Common name: Pink Kissing Gourami, Pink Gourami, Kissing Gourami
Scientific name: Helostoma Temminckii
Average Adult Fish Size: 12 inches / 30 cm
Place of Origin: South East Asia.
Typical Tank setup: Plenty of open swimming space with a few bits of bogwood/rocks.
Recommended Minimum Aquarium Capacity: 100 gallon / 400 litre
Compatibility: Overall their personality can be variable, some peaceful, others truly aggressive, and in the authors opinion they are oversold as suitable for community. Many end up in species tanks with a compatible mate out of necessity, or moved to midsize cichlid communities in larger bodies of water where they represent a less significant danger to other fish. They are often stimulated into aggression by the presence of other gourami species, especially if the other species happen to be breeding. From the outset, it is probably wiser to include them in communities where they are actually one of the smaller species present.
Temperature: 72 – 82 Deg F / 22 – 28 Deg C
Water chemistry: pH 6.0 – 8.0
Feeding: Herbivore – Feed with vegetable flakes. Keep some cheap plants in the tank for the Kissing Gourami to eat. Do not clean the algae off the back and sides of the tank as the Kissing Gourami will eat it for added nourishment.
Sexing: Cannot be determined from external features.
Breeding: Very difficult to breed because they require large tanks. Condition the two breeders for a couple of weeks with live or frozen brine shrimp and earthworms. Separate the pair for a few days before transferring them to the spawning tank. The tank should be about two-thirds full of water, and have plenty of floating plants. The temperature should be about 82 degrees F, with plenty of surface cover. Establish the breeding tank for a week or so to establish food cultures for fry.
Additional Information: Territorial; This is an aggressive species among gourami’s, especially with their own kind, males may fight persistantly to exhaustion and major jaw damage. Their famed kissing is in actual fact no way cute, or actually kissing, it is a most serious battle of liplocking identical to the fighting practiced by so many cichlids, and over a period of days or weeks , if the combatants are not seperated it can lead the the death if at least one of them. Gouramis with broken or torn jaws will be unable to eat and will consequently die. A hyperstimulated male may not limit its aggression to other males, and could disrupt a small community tank by chasing and gnawing on other fish.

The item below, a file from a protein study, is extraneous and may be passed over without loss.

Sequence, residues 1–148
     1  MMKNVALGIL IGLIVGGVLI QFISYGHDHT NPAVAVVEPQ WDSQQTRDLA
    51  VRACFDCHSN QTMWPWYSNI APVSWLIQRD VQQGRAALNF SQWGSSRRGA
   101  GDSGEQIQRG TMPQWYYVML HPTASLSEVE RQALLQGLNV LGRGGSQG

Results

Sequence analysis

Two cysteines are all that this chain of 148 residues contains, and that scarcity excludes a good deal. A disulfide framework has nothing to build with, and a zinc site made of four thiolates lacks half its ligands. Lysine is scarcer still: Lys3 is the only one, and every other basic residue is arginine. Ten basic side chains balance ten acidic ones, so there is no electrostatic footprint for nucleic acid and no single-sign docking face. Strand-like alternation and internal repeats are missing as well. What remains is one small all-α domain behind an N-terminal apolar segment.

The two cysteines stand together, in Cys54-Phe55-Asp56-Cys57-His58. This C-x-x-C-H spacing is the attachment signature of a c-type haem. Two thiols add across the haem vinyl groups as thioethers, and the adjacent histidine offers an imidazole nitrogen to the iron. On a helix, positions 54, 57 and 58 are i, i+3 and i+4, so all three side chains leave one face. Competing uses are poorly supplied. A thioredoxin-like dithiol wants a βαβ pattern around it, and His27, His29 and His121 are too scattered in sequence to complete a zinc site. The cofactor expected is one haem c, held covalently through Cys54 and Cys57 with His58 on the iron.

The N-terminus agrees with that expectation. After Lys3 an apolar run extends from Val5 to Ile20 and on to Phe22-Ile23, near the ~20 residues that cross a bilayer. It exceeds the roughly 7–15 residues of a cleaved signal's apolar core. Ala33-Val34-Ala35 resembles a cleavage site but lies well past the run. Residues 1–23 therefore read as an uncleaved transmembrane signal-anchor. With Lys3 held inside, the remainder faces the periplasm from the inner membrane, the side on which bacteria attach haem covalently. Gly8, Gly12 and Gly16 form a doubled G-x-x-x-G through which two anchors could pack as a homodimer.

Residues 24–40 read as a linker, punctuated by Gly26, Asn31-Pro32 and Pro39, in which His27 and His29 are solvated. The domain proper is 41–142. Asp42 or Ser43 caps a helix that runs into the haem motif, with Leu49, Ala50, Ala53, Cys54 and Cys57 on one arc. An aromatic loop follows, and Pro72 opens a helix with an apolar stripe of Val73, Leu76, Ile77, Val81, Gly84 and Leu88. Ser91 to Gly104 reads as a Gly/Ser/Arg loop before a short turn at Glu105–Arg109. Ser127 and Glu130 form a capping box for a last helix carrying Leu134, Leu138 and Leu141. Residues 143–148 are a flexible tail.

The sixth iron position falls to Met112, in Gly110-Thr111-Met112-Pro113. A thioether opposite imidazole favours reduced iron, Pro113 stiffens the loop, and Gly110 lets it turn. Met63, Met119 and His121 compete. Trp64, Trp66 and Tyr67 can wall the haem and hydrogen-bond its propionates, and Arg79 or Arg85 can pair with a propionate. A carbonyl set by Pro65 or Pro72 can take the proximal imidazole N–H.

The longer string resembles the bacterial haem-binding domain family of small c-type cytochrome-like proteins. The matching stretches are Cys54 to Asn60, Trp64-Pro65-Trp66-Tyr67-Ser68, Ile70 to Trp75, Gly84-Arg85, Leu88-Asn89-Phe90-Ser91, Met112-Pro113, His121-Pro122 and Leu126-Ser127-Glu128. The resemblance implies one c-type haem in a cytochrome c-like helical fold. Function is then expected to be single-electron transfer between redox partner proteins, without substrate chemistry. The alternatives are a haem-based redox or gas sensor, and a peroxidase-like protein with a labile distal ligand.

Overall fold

Kissing gouramies are not particularly well equipped to cause bite damage on other species, but their persistant aggression and multiple attemps to attack may cause delicate fish to wane, and stimulate other aggressive species to fight.
In addition to sexual territoriality and competition , kissing gouramis will also fight to protect a feeding territory. This species is an algae eater and micropredator specialising in aufwuchs, and each specimen may choose to defend as many surfaces as feeding grounds that it can successfully police, and that means an aggressive specimen may wish to victimise other fish within an area of up to three feet.
- Pearl Gourami – Trichogaster Leeri
- Red Dwarf Gourami – Colisa Lalia
- Dwarf Gourami – Colisa Lalia
- Rainbow Shark – Epalzeorhynchos Frenatum
- Albino Rainbow Shark – Epalzeorhynchos Frenatum
- Blue Gourami – Trichogaster Trichopterus
- Gold Gourami – Trichogaster Trichopterus
- Moonlight Gourami – Trichogaster Microlepis
- Chocolate Gourami – Sphaerichthys Osphormenoides
- Snakeskin Gourami – Trichogaster Pectoralis